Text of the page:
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ACTUAL INVESTMENT: Investment expenditures that the business sector actual undertakes during a given time period, including both planned investment and any unplanned inventory changes. This is a critical component of Keynesian economics and the analysis of macroeconomic equilibrium, which occurs when actual investment is equal to planned investment. The difference between planned and actual investment is unplanned investment, which is inventory changes caused by a difference between aggregate expenditures and aggregate output. Should actual and planned investment differ, then aggregate expenditures are not equal to aggregate output, and the macroeconomy is not in equilibrium.

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SCARCITY: A pervasive condition of human existence that exists because society has unlimited wants and needs, but limited resources used for their satisfaction. In other words, while we all want a bunch of stuff, we can't have everything that we want. In slightly different words, this scarcity problem means: (1) that there's never enough resources to produce everything that everyone would like produced; (2) that some people will have to do without some of the stuff that they want or need; (3) that doing one thing, producing one good, performing one activity, forces society to give up something else; and (4) that the same resources can not be used to produce two different goods at the same time. We live in a big, bad world of scarcity. This big, bad world of scarcity is what the study of economics is all about. That's why we usually subtitle scarcity: THE ECONOMIC PROBLEM.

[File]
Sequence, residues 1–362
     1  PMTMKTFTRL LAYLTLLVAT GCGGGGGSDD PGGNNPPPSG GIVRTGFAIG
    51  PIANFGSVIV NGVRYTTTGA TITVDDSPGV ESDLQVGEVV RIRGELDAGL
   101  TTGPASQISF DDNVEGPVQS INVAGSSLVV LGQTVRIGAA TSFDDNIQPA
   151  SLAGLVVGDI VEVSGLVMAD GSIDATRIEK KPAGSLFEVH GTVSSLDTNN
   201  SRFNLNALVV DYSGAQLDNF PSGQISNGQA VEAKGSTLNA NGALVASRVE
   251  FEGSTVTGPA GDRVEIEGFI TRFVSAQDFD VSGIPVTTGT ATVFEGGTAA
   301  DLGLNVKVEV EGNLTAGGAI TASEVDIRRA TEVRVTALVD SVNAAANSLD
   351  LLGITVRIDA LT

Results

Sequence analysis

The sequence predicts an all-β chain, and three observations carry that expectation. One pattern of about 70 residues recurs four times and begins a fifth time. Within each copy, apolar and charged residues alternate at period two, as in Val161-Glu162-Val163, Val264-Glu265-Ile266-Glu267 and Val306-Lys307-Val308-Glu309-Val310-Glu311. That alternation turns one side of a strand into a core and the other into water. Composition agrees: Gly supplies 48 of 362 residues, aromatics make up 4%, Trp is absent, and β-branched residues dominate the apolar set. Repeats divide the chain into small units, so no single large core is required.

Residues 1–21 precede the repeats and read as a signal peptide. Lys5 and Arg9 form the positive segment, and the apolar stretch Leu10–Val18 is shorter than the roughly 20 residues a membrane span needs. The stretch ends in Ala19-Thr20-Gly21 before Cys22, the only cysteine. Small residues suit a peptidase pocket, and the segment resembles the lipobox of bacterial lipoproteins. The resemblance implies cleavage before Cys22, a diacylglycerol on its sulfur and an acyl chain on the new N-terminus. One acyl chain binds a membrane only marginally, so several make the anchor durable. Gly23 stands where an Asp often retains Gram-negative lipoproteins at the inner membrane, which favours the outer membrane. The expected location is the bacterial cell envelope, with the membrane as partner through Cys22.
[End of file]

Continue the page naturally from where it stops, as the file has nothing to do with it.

See also | first rule of scarcity | unlimited wants and needs | limited resources | satisfaction | resources | wants | needs | production | consumption | economics | opportunity cost | scarce resource |


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AVERAGE VARIABLE COST

Total variable cost per unit of output, found by dividing total variable cost by the quantity of output. When compared with price (per unit revenue), average variable cost (AVC) indicates whether or not a profit-maximizing firm should shut down production in the short run. Average variable cost is one of three average cost concepts important to short-run production analysis. The other two are average total cost and average fixed cost. A related concept is marginal cost.

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Today, you are likely to spend a great deal of time visiting every yard sale in a 30-mile radius looking to buy either a wall poster commemorating the 2000 Presidential election or a rechargeable flashlight. Be on the lookout for the last item on a shelf.
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